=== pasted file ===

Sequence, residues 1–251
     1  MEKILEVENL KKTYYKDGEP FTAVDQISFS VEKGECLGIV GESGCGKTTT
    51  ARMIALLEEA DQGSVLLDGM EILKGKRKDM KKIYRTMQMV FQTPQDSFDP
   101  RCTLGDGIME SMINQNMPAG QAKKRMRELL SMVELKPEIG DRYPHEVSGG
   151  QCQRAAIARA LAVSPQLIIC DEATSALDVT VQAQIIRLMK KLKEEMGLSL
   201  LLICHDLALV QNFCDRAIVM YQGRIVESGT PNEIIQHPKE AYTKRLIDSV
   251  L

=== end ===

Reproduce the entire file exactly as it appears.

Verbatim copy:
Sequence, residues 1–251
     1  MEKILEVENL KKTYYKDGEP FTAVDQISFS VEKGECLGIV GESGCGKTTT
    51  ARMIALLEEA DQGSVLLDGM EILKGKRKDM KKIYRTMQMV FQTPQDSFDP
   101  RCTLGDGIME SMINQNMPAG QAKKRMRELL SMVELKPEIG DRYPHEVSGG
   151  QCQRAAIARA LAVSPQLIIC DEATSALDVT VQAQIIRLMK KLKEEMGLSL
   201  LLICHDLALV QNFCDRAIVM YQGRIVESGT PNEIIQHPKE AYTKRLIDSV
   251  L